Posts Tagged ‘First term’

It was around six years ago that I read “Snapshots from hell” and ever since I wanted to experience the MBA hell for myself. Well, LBS is more of a heaven but yes the MBA can have its hellish moments.

Term one passed by so quickly; yet it has been such an intense experience that I feel like I have been in LBS forever – that this was always my world. Term one began with meeting 400 new faces (and a couple of familiar faces) along with the logistics of starting life in London for the majority of the class, including me. Sorting out bank accounts while pub crawling, checking out apartments and potential flatmates, searching for the best deal from mobile service providers while “speed dating” to find the right clique, trying to get student discounts while deciding which clubs to join at LBS.

The first term is the busiest, most hectic, most action packed and crazy as hell. Especially if you, like me want to make the most of the experience by participating in (and winning) competitions, reading the cases for class, going to stream parties (and crashing other streams’ parties), and so on.

The best part about the MBA experience is that it can be customised completely as per individual requirement. So one can just do the bare minimum – attend classes, take exams and complete the MBA. Or one could be heavily involved in the clubs, attend student treks, spend some sleepless nights, partake in competitions, organize business forums and get to know one’s classmates.

The highlights of first term for me were: Prof Joao Cocco’s classes, winning a case study competition, organizing the first ever China Business Forum at LBS, the Finance Club activities, the Oktoberfest and Ireland treks. I am enjoying the second term which has begun now and will share my experiences shortly.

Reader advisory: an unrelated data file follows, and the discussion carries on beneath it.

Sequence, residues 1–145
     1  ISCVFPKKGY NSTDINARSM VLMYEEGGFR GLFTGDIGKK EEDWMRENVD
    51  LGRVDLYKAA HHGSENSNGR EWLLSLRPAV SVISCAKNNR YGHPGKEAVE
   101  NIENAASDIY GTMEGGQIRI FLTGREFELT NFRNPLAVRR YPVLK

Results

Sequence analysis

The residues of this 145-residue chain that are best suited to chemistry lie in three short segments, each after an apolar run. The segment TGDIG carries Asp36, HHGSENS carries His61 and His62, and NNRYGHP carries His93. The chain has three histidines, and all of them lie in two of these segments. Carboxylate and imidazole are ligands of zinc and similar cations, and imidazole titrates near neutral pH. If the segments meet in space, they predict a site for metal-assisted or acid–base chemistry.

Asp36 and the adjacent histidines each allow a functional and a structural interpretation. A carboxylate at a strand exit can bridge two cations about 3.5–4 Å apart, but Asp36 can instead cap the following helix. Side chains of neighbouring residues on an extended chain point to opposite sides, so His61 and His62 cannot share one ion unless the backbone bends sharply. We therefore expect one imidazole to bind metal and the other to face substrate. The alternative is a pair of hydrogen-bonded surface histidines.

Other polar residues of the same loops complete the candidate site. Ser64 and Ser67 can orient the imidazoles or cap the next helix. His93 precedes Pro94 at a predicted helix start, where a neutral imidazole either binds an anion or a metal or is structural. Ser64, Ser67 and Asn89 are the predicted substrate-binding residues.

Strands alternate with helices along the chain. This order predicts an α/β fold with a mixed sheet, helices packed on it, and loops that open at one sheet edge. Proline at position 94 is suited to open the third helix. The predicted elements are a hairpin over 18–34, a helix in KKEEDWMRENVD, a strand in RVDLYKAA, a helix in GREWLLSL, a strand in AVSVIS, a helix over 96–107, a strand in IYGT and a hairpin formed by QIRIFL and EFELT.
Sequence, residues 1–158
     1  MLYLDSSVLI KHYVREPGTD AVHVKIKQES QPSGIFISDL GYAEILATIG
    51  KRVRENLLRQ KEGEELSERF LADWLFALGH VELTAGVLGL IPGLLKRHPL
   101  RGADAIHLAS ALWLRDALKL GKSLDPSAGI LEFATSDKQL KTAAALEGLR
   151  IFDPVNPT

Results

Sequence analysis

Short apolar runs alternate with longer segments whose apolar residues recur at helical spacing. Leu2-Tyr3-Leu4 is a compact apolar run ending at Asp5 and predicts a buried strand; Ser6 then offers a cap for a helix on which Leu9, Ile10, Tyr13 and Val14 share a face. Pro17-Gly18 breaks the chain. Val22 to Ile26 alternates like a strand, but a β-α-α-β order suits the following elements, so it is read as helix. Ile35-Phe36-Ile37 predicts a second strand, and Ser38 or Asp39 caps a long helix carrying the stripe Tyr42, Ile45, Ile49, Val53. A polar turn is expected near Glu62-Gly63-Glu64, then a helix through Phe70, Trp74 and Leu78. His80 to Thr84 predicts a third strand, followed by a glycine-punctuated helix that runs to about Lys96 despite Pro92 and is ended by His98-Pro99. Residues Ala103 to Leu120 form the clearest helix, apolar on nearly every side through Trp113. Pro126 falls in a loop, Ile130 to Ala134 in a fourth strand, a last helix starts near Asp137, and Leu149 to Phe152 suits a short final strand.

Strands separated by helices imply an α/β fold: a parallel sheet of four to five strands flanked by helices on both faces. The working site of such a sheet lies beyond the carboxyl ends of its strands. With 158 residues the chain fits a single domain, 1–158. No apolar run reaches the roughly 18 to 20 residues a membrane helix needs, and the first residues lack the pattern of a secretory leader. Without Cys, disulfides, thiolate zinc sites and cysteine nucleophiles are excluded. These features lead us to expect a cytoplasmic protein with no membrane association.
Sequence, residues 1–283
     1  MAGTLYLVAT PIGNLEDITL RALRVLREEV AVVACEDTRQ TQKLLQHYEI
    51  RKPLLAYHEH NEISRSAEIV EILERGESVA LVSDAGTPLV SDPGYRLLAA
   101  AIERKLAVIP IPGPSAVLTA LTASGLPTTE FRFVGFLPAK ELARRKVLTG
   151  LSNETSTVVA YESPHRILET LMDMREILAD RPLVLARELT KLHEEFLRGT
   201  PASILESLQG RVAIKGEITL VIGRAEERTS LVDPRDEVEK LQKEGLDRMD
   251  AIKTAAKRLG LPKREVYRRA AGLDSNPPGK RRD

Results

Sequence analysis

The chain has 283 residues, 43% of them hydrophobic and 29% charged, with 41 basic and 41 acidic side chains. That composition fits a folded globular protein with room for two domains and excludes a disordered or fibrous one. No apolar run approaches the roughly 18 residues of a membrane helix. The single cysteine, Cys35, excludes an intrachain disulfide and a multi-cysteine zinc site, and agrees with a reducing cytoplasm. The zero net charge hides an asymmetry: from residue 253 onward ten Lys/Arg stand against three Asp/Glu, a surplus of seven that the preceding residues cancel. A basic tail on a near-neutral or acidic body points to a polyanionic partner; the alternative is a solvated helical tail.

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In last 15 years, I worked in IT for 13 years(my last company was IBM) and started 3 ventures in totally different industries. At all the 5 places( 2 job and 3 ventures) I got stuck after intial years of huge success. I could not expand my ventures beyond a point and also could not reach to my dream position in IT job.

I am a strong individual with all the right qualities in place, I am very determined, good decision maker( most of my decision were right), a high risk taker, very hardworking, organized, good in planning and all. I could not figure out what I need more to reach to a top most position in IT or start my own dream company and take it to the highest level. There were more questions than answers in my life.

Though I was ready to change myself and acquire new skill, I was clueless what to change and where were I going wrong. MBA was in my list for many years and now as I hit a road blocker, it was time to set aside everything and focus on learning. It was time to figure out how do Leaders are born and what they do differntly. it was time for a transformation. 3 months in LBS and everything started making sense to me. I could figure out all the missing steps in my last 15 years career.

I can see the gaps and I can answer all my questions. Now I know where I took wrong turns in my career and in my ventures. What I needed to do more and what less. I can see myself getting transformed slowly and gradually to the one I always wanted to be. I can see myself getting closer to my dreams and all my dreams are getting bigger and bigger day by day.

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The day finally arrived, long awaited and eagerly anticipated, when I entered the London Business School as one of the 52 Sloan fellows of the 2013 class. Each different, from 22 different countries yet similar in being a well accomplished, experienced professional and a risk taker out to maneuver their careers to new heights and with a burning desire to be more self aware and to learn.

Apart from the incredible mix of very distinguished classmates the other striking thing about the early days at LBS was the precision of planning and coordination by the program office in managing the whole orientation process and thereon in the most smooth and seamless manner, and why not, coming to a world class institute you expect that and they deliver more, giving you the first taste of what it means to be studying at a top of the line institute. This is only the beginning and you experience the quality in every sphere, especially the professors with their very latest insights from the corporate and academic worlds.